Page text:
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Plain and Fancy

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Friday, March 7, 2014

Barry McGuire - The World's Last Privat Citizen / Barry And The Doctor (1968/70 us, astonishing protest folk psych rock with blues tinges)

Along with Bob Dylan's emergence came countless other folk-based "protest singers" in the early to mid-'60s, including Barry McGuire. Born in Oklahoma City during 1937, McGuire had relocated to New York City and joined up with folk revivalists the New Christy Minstrels by the early '60s.

He was anointed the band's lead singer and appeared on several albums and their first hit single, "Green, Green" (which was co-penned by McGuire). Soon after, however, McGuire caught the attention of both record producer Lou Adler and singer/songwriter P.F. Sloan, resulting in the guitarist/singer leaving the New Christy Minstrels and launching a solo career, signing on with Adler's Dunhill Records.

McGuire's solo debut, The Barry McGuire Album, was released in 1963, but it wasn't until two years later that McGuire scored a massive hit with the Sloan-penned track "Eve of Destruction," which topped the U.S. charts (peaking at number three in the U.K.) and was taken from his sophomore full-length, Barry McGuire Featuring Eve of Destruction.

McGuire became good friends with another Adler-guided outfit, the Mamas & the Papas (who mentioned him in some of their song lyrics), while further solo albums were issued, including This Precious Time and The World's Last Private Citizen, but none spawned any singles as successful as "Eve."

By the early '70s, McGuire had turned his back on folk music and he re-appeared as a Christian/gospel artist, signing on with the Myrrh label and issuing such standout albums as 1973's Seeds, 1975's Lighten Up, and a live recording, 1982's To the Bride, among countless others.

McGuire put his music career on hold and moved to New Zealand in the mid-'80s with his wife, where they remained until 1990, working with the poverty organization World Vision.

Upon his return, McGuire began issuing albums once more, including such titles as El Dorado, Let's Tend God's Earth, Adventures on Son Mountain, and Journey to Bible Times, before teaming up with another gospel singer/guitarist, Terry Talbot, to form an outfit called Talbot McGuire. 
by Greg Prato

"The World's Last Private Citizen" album is Barry's 1967 release, and his final on the Dunhill label. The album contains many good tracks. The production is no longer the potentially annoying voice on one channel, music on the other. The songs are from a variety of songwriters, from Barry and an ex-New Christy minstrel, to members of Paul Revere and the Raiders. Highlights include, "Top of the Hill," "Cloudy Summer Afternoon" and the ultra cool "Grasshopper Song." Included is a song from the movie The President's Analyst, "Inner Manipulations." Barry's career is slowing down here. There are a few repeats from earlier albums, such as "This Precious Time," and "Hang on Sloopy."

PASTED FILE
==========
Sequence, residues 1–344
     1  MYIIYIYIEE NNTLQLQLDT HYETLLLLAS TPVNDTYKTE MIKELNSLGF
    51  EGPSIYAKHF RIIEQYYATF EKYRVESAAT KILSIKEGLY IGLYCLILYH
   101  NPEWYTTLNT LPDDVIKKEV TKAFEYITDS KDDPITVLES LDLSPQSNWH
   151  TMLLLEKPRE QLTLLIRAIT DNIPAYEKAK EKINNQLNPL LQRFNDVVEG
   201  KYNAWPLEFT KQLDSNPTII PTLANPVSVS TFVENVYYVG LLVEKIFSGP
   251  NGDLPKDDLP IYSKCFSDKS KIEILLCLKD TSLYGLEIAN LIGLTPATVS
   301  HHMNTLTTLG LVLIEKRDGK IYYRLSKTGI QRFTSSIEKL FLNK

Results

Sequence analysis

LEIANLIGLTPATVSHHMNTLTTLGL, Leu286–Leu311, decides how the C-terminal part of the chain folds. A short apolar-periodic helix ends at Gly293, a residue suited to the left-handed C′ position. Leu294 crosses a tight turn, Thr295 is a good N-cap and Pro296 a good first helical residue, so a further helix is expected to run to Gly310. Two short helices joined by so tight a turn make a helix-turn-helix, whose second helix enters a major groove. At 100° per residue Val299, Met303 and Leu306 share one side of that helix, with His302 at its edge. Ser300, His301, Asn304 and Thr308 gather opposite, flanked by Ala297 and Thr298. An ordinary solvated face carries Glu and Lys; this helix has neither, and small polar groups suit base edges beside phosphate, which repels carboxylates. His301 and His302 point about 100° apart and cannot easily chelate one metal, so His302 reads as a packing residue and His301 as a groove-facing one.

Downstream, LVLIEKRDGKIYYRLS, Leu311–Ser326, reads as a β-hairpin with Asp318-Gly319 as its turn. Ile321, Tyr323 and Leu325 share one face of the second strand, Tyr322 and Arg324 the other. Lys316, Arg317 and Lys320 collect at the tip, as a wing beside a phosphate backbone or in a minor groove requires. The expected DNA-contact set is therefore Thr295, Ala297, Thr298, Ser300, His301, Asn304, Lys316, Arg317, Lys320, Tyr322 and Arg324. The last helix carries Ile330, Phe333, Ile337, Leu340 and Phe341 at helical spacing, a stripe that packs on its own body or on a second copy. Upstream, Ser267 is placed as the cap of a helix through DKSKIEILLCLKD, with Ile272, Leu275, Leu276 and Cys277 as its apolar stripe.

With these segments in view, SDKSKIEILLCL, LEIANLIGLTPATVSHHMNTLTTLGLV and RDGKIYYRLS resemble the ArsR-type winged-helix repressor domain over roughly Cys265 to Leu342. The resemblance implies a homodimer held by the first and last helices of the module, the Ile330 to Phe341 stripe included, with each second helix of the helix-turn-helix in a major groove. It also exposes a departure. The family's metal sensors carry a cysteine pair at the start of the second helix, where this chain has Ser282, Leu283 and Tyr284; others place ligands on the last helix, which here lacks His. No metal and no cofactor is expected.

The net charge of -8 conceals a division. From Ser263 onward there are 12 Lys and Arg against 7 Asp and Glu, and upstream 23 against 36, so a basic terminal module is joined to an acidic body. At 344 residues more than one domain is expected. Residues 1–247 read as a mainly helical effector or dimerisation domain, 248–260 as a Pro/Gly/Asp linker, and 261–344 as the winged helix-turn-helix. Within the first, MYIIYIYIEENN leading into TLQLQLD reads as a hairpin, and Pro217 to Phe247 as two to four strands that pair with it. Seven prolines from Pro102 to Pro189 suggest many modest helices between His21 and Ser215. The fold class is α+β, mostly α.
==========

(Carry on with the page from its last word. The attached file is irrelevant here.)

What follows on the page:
"Barry McGuire and the Doctor"  is Barry's final secular album, on the Ode label. For this album Barry teamed up with Eric Hord ("The Doctor"), as well as members of the Byrds (Chris Hillman, Michael Clarke), Flying Burrito Bros (Sneaky Pete Kleinow), Dillard and Clark (Byron Berline), and the Eagles (Bernie Leadon). The album has a very different feel to it than his earlier Dunhill material. The songs are longer and have a more bluegrass feel to them at times, which means they are quite good. This is perhaps his most critically acclaimed album he has ever made, although sales were weak. Highlights include "Too Much City" and "South of the Border" where drug references abound. Barry noted that he doesn't remember much about the album, except the mounds of cocaine he and others consumed while recording it. Barry would soon undergo a powerful change in his life.

1. Top O' The Hill (M. Smith) - 2:22
2. Cloudy Summer Afternoon (T. Edmonson) - 2:55
3. Secret Saucer Man (P. Potash, B. McGuire) - 2:43
4. There's Nothin' Else On My Mind (E. Pistilli, P. Cashman) - 2:52
5. Walkin' My Cat Named Dog (N. Tanega) - 2:07
6. Hang On Sloopy (B. Russell, W. Farrell) - 4:02
7. Masters Of War (Bob Dylan) - 2:33
8. Inner-Manipulations (P. Potash, B. McGuire) - 3:40
9. The Grasshopper Song (D. Levin) - 3:18
10.This Precious Time (S. Barri, P.F. Sloan) - 2:48
11.Why Not Stop And Dig It While You Can (B. McGuire) - 2:16
12.Eve Of Destruction (P.F. Sloan) - 3:35
13.South Of The Border (B. McGuire, Riley Wildflower) - 5:45
14.Old Farm (Dr. Eric Hord, B. McGuire) - 5:33
15.Too Much City (Dr. Eric Hord, B. McGuire) - 8:50
16.Train (Dr. Eric Hord, B. McGuire) - 6:40
17.Electric Train (Dr. Eric Hord, B. McGuire) - 6:50
18.Meet Me At The Bottom (B. McGuire, Howlin' Wolf) - 6:06
19.Lollipop Train (Single Version) (S. Barri, P.F. Sloan) - 2:47

*Barry McGuire - Vocals, Harp, Bells, Wind
*Dr. Eric Hord - Twelve String Guitar, Vocals
*Chris Hillman, Riley Wildflower - Bass
*Bill Mundi, Merle Boatman, Michael Clarke - Drums
*Bernie Leadon, Rocky Hilton - Electric Guitar
*Byron Berline - Fiddle
*Sneaky Pete - Pedal Steel Guitar
*Nicky Woods - Percussion

1963  Barry McGuire & The New Christy Minstrels - Star Folk (2007 RPM remaster)

Free Text


ge said...

'Barry And The Doctor' has the Billy Mundi drumwork, so I sought it out long ago, discovering a fine alvin-- great atmospheric dope dealing song opens it up. Seeing the other musicians present, i say we have a near Byrds-Burritos reunion in that studio

Anonymous said...

Muchisimas gracias

mscmichael said...

Thanks very much...